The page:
New SIERA, Part Four (of Five): Testing

SIERA’s updated version was unveiled Monday at FanGraphs, and as part of the release, I’ve been taking readers through its ERA-estimation process. I’ve written about SIERA’s ability to predict BABIP and HR/FB, and then I broke down its formula and structure. But like any good analysis, it needed to be tested against other estimators.

So far, the results are pretty conclusive. In fact, SIERA might be the best tool yet to help us understand and better-interpret pitching performance.

I did a round of SIERA testing at Baseball Prospectus in January before making my newest adjustments here. I showed in that article that SIERA and xFIP were by far the best readily available estimators, and that SIERA did slightly better at predicting ERA than xFIP did. This involved a number of testing procedures.

First, I used Root Mean Square Error and saw that from 2003 to 2010, SIERA was closer to next season’s ERA by an average of .021. FIP was .063 behind — though it was only .033 behind when predicting non-park-adjusted ERAs for pitchers on the same team. That figure suggests park effects are biasing and exaggerating the difference between FIP and xFIP.

I also found that the difference between xFIP and SIERA was persistent, with SIERA closer to next-year’s ERA six out of the seven testable years. It also correlated slightly higher (.398 vs. .352) with next season’s ERA and was closer to next season’s ERA 54.6% of the time. Similarly, SIERA also was closest to the previous season’s ERA, to the ERA two seasons later, to the ERA two seasons prior, to the ERA three seasons later, and to the ERA three seasons prior. Weighting didn’t affect the ranking of ERA estimators.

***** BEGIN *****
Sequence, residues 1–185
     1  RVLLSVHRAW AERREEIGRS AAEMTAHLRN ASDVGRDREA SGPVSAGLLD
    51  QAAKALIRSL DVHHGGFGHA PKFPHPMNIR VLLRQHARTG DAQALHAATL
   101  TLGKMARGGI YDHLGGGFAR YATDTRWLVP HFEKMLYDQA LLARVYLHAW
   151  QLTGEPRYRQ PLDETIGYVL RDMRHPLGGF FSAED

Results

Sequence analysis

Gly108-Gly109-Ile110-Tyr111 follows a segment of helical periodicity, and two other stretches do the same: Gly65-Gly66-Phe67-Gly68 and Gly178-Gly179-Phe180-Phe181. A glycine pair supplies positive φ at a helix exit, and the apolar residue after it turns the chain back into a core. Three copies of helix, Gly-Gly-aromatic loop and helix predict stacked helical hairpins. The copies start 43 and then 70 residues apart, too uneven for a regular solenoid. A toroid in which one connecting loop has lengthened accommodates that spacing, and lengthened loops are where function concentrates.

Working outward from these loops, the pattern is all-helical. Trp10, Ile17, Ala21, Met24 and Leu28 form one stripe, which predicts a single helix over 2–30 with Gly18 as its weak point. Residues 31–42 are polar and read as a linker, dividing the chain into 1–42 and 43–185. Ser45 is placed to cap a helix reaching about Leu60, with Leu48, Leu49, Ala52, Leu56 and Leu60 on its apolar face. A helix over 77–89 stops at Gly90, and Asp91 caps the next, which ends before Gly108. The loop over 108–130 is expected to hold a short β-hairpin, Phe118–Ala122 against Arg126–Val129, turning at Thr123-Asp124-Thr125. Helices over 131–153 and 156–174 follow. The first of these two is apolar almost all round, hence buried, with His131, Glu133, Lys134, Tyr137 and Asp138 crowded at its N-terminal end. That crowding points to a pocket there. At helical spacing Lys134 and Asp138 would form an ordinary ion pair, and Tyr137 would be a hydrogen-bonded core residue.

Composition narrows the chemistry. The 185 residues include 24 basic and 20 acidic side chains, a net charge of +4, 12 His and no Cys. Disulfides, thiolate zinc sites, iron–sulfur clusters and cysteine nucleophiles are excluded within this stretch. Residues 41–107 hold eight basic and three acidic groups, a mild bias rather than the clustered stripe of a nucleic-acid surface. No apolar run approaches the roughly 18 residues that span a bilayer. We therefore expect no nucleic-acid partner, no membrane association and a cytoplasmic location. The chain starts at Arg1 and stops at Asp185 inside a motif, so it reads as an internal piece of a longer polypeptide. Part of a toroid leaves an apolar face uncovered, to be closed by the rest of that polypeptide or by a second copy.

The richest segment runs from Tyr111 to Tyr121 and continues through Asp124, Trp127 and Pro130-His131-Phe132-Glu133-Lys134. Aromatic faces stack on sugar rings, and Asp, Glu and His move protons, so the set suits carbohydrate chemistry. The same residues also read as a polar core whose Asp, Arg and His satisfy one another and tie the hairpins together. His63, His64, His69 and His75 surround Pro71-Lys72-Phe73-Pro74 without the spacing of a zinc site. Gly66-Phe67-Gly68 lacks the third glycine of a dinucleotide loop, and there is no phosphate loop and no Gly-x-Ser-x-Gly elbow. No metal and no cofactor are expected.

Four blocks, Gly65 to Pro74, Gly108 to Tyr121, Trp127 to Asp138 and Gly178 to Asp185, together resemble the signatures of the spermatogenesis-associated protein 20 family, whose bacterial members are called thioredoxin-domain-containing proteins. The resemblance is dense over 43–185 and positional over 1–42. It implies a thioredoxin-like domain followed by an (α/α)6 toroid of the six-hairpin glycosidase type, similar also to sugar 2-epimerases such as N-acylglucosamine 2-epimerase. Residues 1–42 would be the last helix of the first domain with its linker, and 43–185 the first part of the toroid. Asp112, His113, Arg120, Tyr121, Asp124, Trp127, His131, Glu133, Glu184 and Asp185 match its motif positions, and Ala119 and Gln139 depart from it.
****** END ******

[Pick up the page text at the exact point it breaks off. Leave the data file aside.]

This time, I incorporated two statistics that Tom Tango suggested during the original SIERA discussion: kwERA (defined as kwERA = constant + 11*(UBB+HBP-SO)/PA) and bbFIP (defined as bbFIP= constant + 11*(UBB+HBP+LD-SO-IFFB)/PA +3*(OFFB-GB)/PA).

I weighted the estimator’s square error by the number of innings pitched and excluded all pitchers with fewer than 40 innings pitched — either during the season in question, or during the following season. This table shows the estimators’ ranking:

ERA Estimator (N =2096) RMSE
SIERA (new) 1.075
SIERA (old) 1.079
kwERA 1.081
bbFIP 1.083
xFIP 1.089
FIP 1.141
FRA (scaled to ERA) 1.171
tRA (scaled to ERA) 1.215
ERA (park-adj) 1.308

With a standard deviation of the square error terms of about 2 — and a literal .999 correlation between xFIP square error and SIERA square error — a standard error would be about .002. That means the differences are statistically significant.

I also adjusted the weighting using the geometric average of IP in both the season in question and in the following season (in which the ERA was estimated). The ranking was the same:

ERA Estimator (N =2096) RMSE
SIERA (new) 1.040
SIERA (old) 1.045
kwERA 1.053
xFIP 1.057
bbFIP 1.057
FIP 1.118
FRA (scaled to ERA) 1.150
tRA (scaled to ERA) 1.202
ERA (park-adj) 1.289

Note that SIERA is not overfit to ERA. All of these estimations of RMSE compared to the following season come from regressing ERA against same-season ERA. Regressing it against next season’s ERA would be cheating, of course, but it would have a lower RMSE (actually, it would be 0.920). This SIERA version, which is fitted to next season’s ERA, is called SIERA*: